This works the same way in all advertising. Why do we buy Tylenol instead of some brand of aspirin we’ve never heard of? Duh – because we’ve never heard of that type of aspirin! If I had a choice between two equally expensive clubs where bands were playing, and I had never seen either band’s show, would I choose the band that I had heard of before, or the mystery band? 99% of the time, it will be the band that I’ve heard of. Why? Because of the same “Joe Frathouse” mentality. A band that actively displays their brand around town is a band that cares about public perception of their success. Therefore, they are far more likely to be the more professional and better sounding band. Perception is one of the most important things about properly marketing a brand – or a band.
Just like generic aspirin, there are a HUGE amount of generic bands out there.
When you say your band’s name, the proper reaction should be, “Oh, yeah, I’ve heard of you guys!” If they haven’t heard of you, you need to start questioning why they haven’t – especially if they’re in your fan demographic.
How to Make Kick Ass Band Posters
So how do we get more recognition? Put up kick-ass band posters, of course! And how does one make kick-ass band posters? I’m glad you asked:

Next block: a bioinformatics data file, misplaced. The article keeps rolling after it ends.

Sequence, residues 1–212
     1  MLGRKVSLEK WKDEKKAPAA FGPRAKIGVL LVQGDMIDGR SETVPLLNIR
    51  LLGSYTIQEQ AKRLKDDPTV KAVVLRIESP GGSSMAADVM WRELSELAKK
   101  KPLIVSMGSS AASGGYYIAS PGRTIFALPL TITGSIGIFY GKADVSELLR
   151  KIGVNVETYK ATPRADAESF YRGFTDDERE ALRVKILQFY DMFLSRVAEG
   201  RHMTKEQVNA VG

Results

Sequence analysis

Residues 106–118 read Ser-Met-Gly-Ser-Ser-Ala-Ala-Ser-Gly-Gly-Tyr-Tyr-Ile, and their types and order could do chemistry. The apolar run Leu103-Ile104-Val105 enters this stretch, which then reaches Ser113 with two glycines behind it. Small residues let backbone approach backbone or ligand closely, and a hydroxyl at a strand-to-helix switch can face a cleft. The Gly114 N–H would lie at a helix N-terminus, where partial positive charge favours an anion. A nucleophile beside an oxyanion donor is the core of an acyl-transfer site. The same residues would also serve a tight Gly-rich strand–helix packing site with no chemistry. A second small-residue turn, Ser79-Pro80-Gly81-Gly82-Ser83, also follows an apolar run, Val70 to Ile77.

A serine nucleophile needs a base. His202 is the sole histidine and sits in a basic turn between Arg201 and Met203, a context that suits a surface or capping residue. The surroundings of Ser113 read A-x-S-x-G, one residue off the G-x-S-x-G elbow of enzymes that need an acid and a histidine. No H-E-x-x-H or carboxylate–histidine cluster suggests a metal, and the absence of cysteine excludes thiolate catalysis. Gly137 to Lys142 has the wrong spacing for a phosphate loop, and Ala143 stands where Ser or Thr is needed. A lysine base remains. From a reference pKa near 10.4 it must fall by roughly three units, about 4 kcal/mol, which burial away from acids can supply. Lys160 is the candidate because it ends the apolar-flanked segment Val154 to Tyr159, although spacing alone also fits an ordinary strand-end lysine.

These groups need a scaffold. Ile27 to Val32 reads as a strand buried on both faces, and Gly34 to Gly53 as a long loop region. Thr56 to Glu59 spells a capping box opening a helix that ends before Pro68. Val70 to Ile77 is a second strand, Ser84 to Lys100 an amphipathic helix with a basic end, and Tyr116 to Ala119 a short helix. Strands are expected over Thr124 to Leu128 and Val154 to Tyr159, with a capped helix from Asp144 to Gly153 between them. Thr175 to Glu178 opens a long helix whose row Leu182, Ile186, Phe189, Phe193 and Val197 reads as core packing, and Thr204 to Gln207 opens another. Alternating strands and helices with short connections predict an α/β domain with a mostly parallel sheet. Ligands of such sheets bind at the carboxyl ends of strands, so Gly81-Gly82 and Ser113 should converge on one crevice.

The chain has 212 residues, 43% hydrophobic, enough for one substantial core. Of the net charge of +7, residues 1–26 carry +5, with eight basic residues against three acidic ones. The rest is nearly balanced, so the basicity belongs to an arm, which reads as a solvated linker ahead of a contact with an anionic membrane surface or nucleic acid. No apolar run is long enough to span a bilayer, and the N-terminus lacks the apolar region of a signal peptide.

Print all of your posters in legal (8.5 x 14”) format. Why? Because they’re BIGGER! And most print shops charge the same amount of money to print legal sized pages as they do for printing normal letter paper (8.5 x 11”). Bigger = better.
Don’t make crap posters. You need professional pictures of your band, not the ones your girlfriend took in your basement. You need a professional-looking logo. Your posters need to be 300dpi for printing. Don’t know what that means? Then you need to learn how to use photoshop and/or GIMP (a free photoshop alternative). Don’t give me that whole “I’m bad at computers” excuse. Do you want your band to succeed? Then take an afternoon and watch some free online tutorials. Either that, or pay someone who knows what they’re doing to make good posters. Iron Maiden doesn’t make their posters in MS Paint, and neither should you.
Most posters need a border. Unless you have your print shop cut the posters to size, you shouldn’t let an otherwise nice-looking poster fly off into white space. Slap a simple border on that sucker for some structure.